The fact that the database analytical tool does not cross publication data directly or provide charts and network representation is another issue. Despite the risk of failure, such data-crossing can be carried out with some effort and creativity, such as using the three-step procedure described in section 2.2 or the one provided by Osorio and Etieno22, and the quantified data could be imported into network or chart-drawing software. In this case, bibliometric software would be unnecessary, but its use would speed up the data-crossing process. In the case of the visualization tools, bibliometric approaches usually combine multiple programs to perform analysis, calculation and representation as there is no unique software able to fulfill all the requirements and bibliometric analysis known18. Furthermore, sophisticated bibliometric approaches, such as text mining, measurement of impact using citations, cluster analysis, network metrics and interdisciplinary linkages, are not possible using the analytical feature9-17.

 

4. Conclusion

In this study, scientific publication on carbon-based nanomaterials was analyzed using the indicators developed from the Web of Science analytical tool. To sum up our findings, graphene and carbon nanotubes publications rose at higher rates than those for the nanotechnology field from 2001 to 2010. On the other hand, the performance of scientific publications in fullerenes was significantly lower and suggested maturation or stagnation of research concerning this nanomaterial. The top countries shared 83.0%, 81.4% and 79.8% of the total number of publications for carbon nanotubes, fullerenes and graphene, respectively, and the USA proved to be the main country of accumulated scientific productivity (publications) throughout the period investigated, although China overtook the American leadership in (publications on) carbon nanotubes publication from 2008. Institutions from the USA, China, Japan and Russia played an important role in the advances of the nanomaterials analyzed with emphasis on the Chinese Academy of Sciences, the Russian Academy of Sciences, the University of California and the Japanese S & T Agency. Among the journals which have the most scientific publications, the Physical Review B and the Applied Physics Letters can be highlighted as the main vehicles to publish carbon-based nanomaterials research. These outcomes support our hypothesis that the Web of Science analytical tool and the procedures used are helpful for researchers from any area in developing important indicators. They may be applied to other nanotechnology dimensions or knowledge areas to understand the worldwide and local dynamics of scientific productivity in publications.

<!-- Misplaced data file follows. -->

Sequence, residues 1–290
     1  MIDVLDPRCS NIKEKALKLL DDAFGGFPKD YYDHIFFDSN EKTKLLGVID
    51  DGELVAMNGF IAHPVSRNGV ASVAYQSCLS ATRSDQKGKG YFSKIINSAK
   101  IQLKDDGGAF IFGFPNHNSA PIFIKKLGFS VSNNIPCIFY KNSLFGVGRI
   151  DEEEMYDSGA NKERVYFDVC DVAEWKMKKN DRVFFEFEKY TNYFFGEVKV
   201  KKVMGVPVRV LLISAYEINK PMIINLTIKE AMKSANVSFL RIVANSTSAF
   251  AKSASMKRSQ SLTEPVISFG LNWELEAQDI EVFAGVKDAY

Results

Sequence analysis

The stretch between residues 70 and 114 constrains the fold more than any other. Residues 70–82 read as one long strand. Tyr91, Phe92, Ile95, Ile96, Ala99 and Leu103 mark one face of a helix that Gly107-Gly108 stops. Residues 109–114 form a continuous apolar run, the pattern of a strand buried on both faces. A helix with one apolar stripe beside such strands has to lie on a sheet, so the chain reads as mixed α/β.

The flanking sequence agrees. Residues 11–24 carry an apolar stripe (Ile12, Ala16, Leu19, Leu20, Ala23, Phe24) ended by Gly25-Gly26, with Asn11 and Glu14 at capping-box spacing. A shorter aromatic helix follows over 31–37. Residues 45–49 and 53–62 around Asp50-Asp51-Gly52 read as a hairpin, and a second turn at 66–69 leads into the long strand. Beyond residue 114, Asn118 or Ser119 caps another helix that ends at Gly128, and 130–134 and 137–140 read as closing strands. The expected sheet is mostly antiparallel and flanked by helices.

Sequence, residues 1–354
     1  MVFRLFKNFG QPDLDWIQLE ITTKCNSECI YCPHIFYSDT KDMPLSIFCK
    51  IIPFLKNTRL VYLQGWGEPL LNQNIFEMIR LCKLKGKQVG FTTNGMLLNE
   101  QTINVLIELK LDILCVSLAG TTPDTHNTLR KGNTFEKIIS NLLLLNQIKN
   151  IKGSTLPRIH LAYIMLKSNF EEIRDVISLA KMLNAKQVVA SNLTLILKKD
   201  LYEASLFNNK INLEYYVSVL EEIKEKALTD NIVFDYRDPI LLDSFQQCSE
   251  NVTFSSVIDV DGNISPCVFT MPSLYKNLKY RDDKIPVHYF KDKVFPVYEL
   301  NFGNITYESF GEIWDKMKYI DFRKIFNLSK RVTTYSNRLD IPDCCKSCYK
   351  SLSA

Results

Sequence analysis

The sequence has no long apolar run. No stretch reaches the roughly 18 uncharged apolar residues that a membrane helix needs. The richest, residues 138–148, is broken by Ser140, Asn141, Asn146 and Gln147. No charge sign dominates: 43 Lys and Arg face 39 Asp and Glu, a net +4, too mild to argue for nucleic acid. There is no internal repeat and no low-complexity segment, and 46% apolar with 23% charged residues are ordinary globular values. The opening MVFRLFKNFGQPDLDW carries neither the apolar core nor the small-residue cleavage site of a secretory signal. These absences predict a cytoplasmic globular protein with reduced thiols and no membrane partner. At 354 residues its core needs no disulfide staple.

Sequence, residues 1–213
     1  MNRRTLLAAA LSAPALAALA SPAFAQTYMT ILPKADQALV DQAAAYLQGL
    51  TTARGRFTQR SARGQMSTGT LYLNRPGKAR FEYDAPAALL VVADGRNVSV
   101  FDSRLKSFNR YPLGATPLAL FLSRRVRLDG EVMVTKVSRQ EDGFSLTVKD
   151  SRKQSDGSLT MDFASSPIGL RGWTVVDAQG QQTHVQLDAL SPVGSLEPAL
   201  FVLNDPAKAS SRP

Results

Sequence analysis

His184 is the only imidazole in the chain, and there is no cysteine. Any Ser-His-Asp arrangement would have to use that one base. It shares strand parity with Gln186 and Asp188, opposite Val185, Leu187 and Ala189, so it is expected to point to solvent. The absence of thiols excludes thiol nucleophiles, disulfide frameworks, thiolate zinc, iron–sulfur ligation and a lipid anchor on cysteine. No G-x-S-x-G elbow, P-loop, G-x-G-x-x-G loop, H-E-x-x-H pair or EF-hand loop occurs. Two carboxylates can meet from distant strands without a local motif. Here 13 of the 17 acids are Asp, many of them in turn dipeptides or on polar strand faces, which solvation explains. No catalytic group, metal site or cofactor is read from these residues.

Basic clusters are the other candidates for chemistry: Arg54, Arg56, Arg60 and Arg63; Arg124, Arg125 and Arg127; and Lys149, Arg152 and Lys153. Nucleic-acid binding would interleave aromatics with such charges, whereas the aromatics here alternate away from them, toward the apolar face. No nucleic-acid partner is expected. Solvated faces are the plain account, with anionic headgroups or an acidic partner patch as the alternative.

By making the analytical tool available, which has the advantages of database wide coverage, indexing quality and worldwide use, the Web of Science has also become a supplier of highly valuable information and indicators. However, we have discussed a number of important limitations and drawbacks that need to be considered when using this database feature. First of all, future replication of indicators may be difficult when analysis considers periods close to the date of compiling indicators. Secondly, the analytical tool does not consider the citation and collaboration data of a publication, which are useful in supporting analysis of quality and mapping joint efforts of countries and institutions, respectively. Other issues regard the fact that the analytical tool does not directly cross data from different fields and that cleaning and standardization processes for names are not available, besides the advances already incorporated into the database. Finally, the analytical feature does not provide information from the author's keywords or terms extracted from the title and abstract, which can be advantageous to understand better where the research is directed. Thus, we recommend the use of the Web of Science analytical tool only as a starting point and for general performance examination. In cases of deep understanding, advanced methods and specialized software should be used.

 

Acknowledgements

The authors are grateful to the Brazilian National Council of Technological and Scientific Development (process number 160087/2011-2); to the Graduate Program on Materials Science and Engineering and to the Graduate Program on Science, Technology and Society, both from the Federal University of São Carlos, for supporting this work. We are also grateful to the anonymous referees for their comments on this manuscript.

 

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Received: January 11, 2013
Revised: May 7, 2013

 

 

* e-mail: douglasmilanez@yahoo.com.br